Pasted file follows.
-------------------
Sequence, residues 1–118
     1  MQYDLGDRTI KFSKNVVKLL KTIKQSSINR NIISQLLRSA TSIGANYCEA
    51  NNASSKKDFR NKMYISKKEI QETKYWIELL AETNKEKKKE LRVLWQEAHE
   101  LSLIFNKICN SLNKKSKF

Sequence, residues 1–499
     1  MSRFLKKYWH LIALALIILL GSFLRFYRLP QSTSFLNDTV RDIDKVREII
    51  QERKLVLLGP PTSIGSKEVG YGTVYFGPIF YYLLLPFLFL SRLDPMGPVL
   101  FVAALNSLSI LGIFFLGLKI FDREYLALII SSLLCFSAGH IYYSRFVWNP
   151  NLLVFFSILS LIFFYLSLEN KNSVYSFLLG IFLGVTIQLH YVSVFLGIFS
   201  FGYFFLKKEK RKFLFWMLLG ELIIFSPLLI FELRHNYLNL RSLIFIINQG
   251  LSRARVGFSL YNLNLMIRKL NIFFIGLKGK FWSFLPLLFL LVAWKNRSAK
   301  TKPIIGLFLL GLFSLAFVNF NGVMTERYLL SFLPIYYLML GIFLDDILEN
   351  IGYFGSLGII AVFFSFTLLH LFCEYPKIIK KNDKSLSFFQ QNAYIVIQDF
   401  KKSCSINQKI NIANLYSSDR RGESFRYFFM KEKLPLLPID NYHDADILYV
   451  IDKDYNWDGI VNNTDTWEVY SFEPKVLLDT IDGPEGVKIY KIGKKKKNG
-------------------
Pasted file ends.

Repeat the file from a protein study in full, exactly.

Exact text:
Sequence, residues 1–118
     1  MQYDLGDRTI KFSKNVVKLL KTIKQSSINR NIISQLLRSA TSIGANYCEA
    51  NNASSKKDFR NKMYISKKEI QETKYWIELL AETNKEKKKE LRVLWQEAHE
   101  LSLIFNKICN SLNKKSKF

Sequence, residues 1–499
     1  MSRFLKKYWH LIALALIILL GSFLRFYRLP QSTSFLNDTV RDIDKVREII
    51  QERKLVLLGP PTSIGSKEVG YGTVYFGPIF YYLLLPFLFL SRLDPMGPVL
   101  FVAALNSLSI LGIFFLGLKI FDREYLALII SSLLCFSAGH IYYSRFVWNP
   151  NLLVFFSILS LIFFYLSLEN KNSVYSFLLG IFLGVTIQLH YVSVFLGIFS
   201  FGYFFLKKEK RKFLFWMLLG ELIIFSPLLI FELRHNYLNL RSLIFIINQG
   251  LSRARVGFSL YNLNLMIRKL NIFFIGLKGK FWSFLPLLFL LVAWKNRSAK
   301  TKPIIGLFLL GLFSLAFVNF NGVMTERYLL SFLPIYYLML GIFLDDILEN
   351  IGYFGSLGII AVFFSFTLLH LFCEYPKIIK KNDKSLSFFQ QNAYIVIQDF
   401  KKSCSINQKI NIANLYSSDR RGESFRYFFM KEKLPLLPID NYHDADILYV
   451  IDKDYNWDGI VNNTDTWEVY SFEPKVLLDT IDGPEGVKIY KIGKKKKNG